How to compare and choose aged care homes

Start with the most important things

For many, choosing an aged care home comes down to budget.But even if a home has higher fees than you can afford, there might be room to negotiate.

So rather than just cost, start by thinking about what you need from your new home

  • Do you like the location?
  • Does it provide services you need or value?
  • Will the room suit your personal and health needs?

If you find a home that ticks your most important boxes, and the cost is in the ballpark of your budget, it’s good to arrange a visit.

Arranging a visit

Visiting is a great way to see what a place is really like. Even if you’re still in hospital or find it difficult getting out, see if a family member or friend can visit on your behalf. Get them to take some photos too.

Arranging a tour is simple. Once you’ve narrowed down your list of places, call to arrange a personal tour or book online. This is also a good time to enquire about room availability.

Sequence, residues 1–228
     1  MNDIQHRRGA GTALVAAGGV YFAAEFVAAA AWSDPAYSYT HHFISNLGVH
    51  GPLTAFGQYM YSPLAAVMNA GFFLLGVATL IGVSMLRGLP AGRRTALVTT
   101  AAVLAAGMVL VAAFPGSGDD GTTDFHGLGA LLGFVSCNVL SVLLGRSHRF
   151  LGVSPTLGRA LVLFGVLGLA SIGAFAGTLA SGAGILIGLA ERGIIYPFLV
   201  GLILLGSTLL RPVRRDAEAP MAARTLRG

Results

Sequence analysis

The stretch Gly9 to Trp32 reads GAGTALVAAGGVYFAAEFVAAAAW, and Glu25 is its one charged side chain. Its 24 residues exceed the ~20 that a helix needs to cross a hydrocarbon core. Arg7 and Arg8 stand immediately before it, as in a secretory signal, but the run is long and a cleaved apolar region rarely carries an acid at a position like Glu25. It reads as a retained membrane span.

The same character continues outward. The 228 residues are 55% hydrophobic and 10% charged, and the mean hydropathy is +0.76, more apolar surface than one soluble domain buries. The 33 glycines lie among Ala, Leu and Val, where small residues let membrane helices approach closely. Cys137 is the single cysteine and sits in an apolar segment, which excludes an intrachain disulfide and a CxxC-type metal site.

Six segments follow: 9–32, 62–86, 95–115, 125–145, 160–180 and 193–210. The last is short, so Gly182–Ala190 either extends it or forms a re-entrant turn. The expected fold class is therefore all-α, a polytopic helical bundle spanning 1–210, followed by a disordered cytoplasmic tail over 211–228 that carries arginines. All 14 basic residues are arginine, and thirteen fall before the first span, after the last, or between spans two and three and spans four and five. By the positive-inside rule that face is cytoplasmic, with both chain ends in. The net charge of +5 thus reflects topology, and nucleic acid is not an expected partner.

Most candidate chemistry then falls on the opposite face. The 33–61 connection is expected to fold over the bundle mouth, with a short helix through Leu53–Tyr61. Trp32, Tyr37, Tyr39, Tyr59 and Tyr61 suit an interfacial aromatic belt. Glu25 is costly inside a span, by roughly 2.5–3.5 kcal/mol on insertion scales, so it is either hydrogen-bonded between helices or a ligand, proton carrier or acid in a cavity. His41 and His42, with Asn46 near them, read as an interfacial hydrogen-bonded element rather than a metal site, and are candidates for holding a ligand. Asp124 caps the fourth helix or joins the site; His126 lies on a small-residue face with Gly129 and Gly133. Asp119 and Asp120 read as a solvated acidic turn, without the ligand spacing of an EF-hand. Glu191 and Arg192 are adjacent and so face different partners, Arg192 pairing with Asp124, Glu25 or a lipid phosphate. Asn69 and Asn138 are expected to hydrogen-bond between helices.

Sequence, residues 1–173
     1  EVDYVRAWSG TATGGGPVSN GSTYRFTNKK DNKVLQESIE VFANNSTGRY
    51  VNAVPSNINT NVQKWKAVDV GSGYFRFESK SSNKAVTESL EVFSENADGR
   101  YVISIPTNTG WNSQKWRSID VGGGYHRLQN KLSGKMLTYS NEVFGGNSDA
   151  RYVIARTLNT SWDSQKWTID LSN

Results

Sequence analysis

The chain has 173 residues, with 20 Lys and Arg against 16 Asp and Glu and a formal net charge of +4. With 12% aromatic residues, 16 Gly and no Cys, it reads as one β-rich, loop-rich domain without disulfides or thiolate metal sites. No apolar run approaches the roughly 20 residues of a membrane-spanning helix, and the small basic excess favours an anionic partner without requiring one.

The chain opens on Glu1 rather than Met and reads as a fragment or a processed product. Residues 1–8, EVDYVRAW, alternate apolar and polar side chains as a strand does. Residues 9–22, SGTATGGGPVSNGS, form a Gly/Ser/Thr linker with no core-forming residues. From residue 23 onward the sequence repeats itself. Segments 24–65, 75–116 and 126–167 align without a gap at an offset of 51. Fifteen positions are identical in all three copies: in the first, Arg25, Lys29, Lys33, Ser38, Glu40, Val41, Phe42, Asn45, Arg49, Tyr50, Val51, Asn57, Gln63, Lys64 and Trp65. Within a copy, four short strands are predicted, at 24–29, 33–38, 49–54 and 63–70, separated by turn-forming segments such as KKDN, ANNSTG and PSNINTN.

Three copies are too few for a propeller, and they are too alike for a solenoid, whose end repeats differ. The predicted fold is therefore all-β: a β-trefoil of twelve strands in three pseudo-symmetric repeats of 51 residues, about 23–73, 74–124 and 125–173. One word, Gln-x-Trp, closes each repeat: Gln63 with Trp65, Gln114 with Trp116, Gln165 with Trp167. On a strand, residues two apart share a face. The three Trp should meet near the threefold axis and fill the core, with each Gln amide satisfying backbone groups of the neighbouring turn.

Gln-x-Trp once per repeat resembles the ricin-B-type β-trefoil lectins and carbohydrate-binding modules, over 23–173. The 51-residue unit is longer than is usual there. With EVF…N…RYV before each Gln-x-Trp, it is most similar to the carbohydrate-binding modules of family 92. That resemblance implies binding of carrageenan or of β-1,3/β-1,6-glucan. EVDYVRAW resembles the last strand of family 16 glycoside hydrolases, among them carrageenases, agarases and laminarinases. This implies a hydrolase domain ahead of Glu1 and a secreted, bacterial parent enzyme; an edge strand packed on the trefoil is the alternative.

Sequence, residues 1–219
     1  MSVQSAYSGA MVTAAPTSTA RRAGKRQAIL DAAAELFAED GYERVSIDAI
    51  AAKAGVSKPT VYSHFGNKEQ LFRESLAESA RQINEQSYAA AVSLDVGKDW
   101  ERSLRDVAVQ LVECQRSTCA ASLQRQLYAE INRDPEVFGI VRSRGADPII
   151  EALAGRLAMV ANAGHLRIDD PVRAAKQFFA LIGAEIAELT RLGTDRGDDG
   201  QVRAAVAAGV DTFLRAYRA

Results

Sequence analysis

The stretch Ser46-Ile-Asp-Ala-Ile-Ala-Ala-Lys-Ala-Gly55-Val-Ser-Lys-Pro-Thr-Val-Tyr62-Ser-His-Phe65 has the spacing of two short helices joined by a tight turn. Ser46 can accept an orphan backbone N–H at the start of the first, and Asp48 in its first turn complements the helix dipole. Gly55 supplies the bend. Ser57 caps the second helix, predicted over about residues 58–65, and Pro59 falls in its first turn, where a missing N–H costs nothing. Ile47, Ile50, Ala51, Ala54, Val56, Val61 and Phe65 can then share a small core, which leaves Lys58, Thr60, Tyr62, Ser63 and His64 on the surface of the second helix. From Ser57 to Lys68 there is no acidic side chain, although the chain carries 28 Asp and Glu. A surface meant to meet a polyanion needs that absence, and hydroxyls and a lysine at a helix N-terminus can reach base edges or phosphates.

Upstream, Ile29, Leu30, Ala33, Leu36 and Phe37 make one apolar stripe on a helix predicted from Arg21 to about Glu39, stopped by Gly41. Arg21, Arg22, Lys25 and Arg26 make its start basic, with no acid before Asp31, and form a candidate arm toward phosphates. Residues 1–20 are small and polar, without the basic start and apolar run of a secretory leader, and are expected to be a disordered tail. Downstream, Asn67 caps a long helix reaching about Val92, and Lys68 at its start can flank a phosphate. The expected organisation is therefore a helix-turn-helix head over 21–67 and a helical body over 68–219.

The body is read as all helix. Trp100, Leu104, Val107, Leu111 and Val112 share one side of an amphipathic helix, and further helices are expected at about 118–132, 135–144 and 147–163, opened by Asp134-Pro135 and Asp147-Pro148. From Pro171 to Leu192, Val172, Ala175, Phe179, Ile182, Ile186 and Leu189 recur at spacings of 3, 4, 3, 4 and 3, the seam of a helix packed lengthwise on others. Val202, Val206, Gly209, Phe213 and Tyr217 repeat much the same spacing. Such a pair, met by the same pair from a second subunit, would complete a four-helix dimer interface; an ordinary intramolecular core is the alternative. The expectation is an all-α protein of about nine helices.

If you’re considering a few places, try to visit around the same time. It’s more convenient, and it’ll be easier to remember and compare.

What to bring

If you have had an Aged Care Assessment, make sure you bring your assessment code with you, or mention it when calling to book the tour. This will help the home assess your individual needs. You need an Aged Care Assessment to access government-subsidised care.

When you inspect aged care accommodation it’s always important to trust your gut instinct and take a list of ‘must haves’ to help you make the right decision. Some people make a list to rate each home, as it’s easy to get different places mixed up.

Some questions you can ask yourself include:

  • Is it a nice and friendly home environment?
  • Is the staff attentive, proactive and well qualified?
  • Are the rooms clean, comfortable and big enough?
  • Do they have an interesting social calendar?
  • Do they provide a nutritious and appropriate food menu?
  • Do they provide regular exercise and outdoor activities?
  • Do they encourage family and friends to visit?

Keep in mind that the home wants your business, and will try to schedule visits while activities are happening and the place is looking at its best. Ask how often events and activities take place, and what staffing levels are like on weekends.

 

Arrange an Aged Care Assessment

 


Read next: Waiting lists, signing up and moving in